Some new-born babies will suffer from jaundice and there are several Cochrane reviews of possible ways to prevent or treat it. These were added to in July 2021 with a new review of the effects of sunlight. We asked the review's lead author, Delia Horn from the Larner College of Medicine at the University of Vermont in the USA, to tell us about the importance of this topic and the findings of the review.
Mike: Hello, I'm Mike Clarke, podcast editor for the Cochrane Library. Some new-born babies will suffer from jaundice and there are several Cochrane reviews of possible ways to prevent or treat it. These were added to in July 2021 with a new review of the effects of sunlight. We asked the review's lead author, Delia Horn from the Larner College of Medicine at the University of Vermont in the USA, to tell us about the importance of this topic and the findings of the review.
Delia: Babies with jaundice, or to give it its more technical name, hyperbilirubinemia, have a raised level of a natural substance called bilirubin in their serum, which causes yellowing of the skin and can lead to serious illness. These babies are often treated with phototherapy lamps that alters the bilirubin so that it can be more easily excreted. The blue-green light from these lamps is similar to sunlight but sunlight also emits harmful ultraviolet rays and infrared radiation, which can cause sunburn and skin cancer. Exposing babies to sunlight might also mean they could get too warm or too cold, depending on the climate.
However, in low- and middle-income countries, phototherapy is not always available for babies who need it and babies in these countries are also more likely to develop complications from severe hyperbilirubinemia, where the bilirubin in their blood reaches levels that allow it to cross the blood-brain barrier and damage the brain. Therefore, it's important to know whether sunlight is safe and effective at preventing and treating hyperbilirubinemia in term and late preterm babies, and we did this review to try to find out. However, as I'll explain in this podcast, the currently available research still leaves us uncertain as to whether sunlight exposure is beneficial for infants who have, or are at risk for hyperbilirubinemia.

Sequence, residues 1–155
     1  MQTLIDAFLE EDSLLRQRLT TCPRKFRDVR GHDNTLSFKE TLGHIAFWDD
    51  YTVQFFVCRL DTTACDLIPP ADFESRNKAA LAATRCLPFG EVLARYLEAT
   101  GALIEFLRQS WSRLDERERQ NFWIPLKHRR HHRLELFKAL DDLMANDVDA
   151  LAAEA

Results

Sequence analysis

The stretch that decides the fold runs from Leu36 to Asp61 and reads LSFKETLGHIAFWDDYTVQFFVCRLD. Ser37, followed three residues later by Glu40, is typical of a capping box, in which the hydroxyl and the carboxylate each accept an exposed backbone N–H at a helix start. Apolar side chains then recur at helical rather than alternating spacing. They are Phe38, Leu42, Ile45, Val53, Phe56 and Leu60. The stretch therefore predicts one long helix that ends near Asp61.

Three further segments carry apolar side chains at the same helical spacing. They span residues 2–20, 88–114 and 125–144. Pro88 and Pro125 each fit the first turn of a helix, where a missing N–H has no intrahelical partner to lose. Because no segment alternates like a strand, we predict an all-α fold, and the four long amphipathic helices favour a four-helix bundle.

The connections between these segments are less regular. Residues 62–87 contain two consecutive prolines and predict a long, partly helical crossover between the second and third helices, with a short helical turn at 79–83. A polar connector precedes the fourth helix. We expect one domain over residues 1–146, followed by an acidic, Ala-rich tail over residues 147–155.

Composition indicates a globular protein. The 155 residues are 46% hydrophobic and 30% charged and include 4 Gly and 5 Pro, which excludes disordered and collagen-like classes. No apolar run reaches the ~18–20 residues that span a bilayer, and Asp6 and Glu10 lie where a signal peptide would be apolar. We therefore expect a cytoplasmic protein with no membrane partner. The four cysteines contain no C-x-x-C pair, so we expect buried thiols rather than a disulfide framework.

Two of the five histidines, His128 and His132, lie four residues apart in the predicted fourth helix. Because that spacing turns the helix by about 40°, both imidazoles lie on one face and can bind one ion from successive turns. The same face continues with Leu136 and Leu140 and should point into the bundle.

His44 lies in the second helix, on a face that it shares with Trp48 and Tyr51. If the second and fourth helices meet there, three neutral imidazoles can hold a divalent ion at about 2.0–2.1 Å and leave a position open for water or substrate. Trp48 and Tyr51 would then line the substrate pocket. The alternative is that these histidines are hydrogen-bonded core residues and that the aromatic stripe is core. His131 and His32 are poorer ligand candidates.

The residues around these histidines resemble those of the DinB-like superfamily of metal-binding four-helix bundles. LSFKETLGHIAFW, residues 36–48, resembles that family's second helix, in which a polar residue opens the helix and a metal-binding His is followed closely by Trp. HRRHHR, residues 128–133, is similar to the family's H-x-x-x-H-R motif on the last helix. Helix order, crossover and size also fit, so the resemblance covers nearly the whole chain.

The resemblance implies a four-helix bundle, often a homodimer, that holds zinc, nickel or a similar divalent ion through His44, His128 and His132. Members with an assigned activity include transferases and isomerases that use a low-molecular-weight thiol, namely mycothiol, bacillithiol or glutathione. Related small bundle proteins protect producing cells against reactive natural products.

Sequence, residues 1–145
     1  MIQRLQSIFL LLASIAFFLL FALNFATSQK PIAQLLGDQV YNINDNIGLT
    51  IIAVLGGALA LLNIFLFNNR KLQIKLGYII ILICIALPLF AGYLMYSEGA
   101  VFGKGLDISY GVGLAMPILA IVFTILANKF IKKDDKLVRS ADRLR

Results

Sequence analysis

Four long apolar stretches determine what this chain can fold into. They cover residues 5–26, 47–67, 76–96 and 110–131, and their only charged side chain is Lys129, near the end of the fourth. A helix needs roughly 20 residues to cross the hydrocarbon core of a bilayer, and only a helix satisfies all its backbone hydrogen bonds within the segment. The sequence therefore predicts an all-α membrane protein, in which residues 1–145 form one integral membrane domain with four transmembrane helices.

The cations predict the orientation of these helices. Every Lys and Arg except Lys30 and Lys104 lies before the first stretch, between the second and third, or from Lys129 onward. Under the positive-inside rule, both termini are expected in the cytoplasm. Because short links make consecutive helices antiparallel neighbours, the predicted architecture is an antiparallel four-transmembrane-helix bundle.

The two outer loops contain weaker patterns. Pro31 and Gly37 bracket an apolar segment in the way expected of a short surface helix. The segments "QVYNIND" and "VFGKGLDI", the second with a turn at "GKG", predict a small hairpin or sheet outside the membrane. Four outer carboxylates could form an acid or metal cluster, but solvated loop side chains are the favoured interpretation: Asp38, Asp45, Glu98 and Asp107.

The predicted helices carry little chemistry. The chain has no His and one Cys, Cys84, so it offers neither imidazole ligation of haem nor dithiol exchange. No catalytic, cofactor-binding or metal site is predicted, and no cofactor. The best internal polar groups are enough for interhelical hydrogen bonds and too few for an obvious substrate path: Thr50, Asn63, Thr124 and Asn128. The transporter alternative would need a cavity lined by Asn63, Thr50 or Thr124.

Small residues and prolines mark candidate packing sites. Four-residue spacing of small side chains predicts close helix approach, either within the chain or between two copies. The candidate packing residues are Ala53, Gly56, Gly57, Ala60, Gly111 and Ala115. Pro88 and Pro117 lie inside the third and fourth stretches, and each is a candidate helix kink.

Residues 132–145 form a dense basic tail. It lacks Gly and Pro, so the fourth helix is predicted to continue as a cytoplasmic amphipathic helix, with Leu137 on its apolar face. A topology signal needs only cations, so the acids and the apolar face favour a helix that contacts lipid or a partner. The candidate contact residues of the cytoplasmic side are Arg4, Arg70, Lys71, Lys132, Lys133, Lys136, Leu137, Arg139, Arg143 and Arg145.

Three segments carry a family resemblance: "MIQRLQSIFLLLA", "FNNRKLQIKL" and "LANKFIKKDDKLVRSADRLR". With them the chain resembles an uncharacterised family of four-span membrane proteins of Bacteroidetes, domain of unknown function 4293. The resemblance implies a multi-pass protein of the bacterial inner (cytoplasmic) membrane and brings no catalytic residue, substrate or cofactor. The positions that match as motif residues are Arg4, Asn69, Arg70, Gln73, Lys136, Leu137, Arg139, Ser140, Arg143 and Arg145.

We identified three randomized trials involving just over 1100 infants. The overall quality of this evidence was moderate to very low, due to these being unblinded single-center studies with high risk of bias, indirectness, and imprecision. Two studies were performed in Nigeria and the third was from China. The Nigerian studies compared sunlight with conventional phototherapy for treating confirmed hyperbilirubinemia while the Chinese study looked at sunlight compared to no treatment for preventing it. Unfortunately, though, our main conclusion is that the evidence from these is not sufficient to determine whether or not sunlight is effective for either the prevention or treatment of hyperbilirubinemia in babies born late preterm or later.
Some of the studies also looked at other outcomes such as risk of hyperthermia, hypothermia, dehydration, sunburn, or re-hospitalization. This provided very low certainty evidence that sunlight may prevent the development of hyperbilirubinemia requiring hospitalization, but moderate quality evidence that there may be an increased risk of hyperthermia when using sunlight therapy.
In summary, our review shows that it's not possible to be certain if sunlight exposure is beneficial for babies who are at risk for hyperbilirubinemia or who already have it. Although sunlight may lower serum bilirubin levels at a similar rate to conventional phototherapy, we still need more research, some of which is ongoing, to investigate the effects more thoroughly and to find how best to implement and deliver this potential mode of therapy.
Mike : If you would like to learn more about the current evidence and watch for future updates of the review as new research becomes available, it's available at Cochrane Library dot com. Just go to the website and do a simple search for 'sunlight for babies'.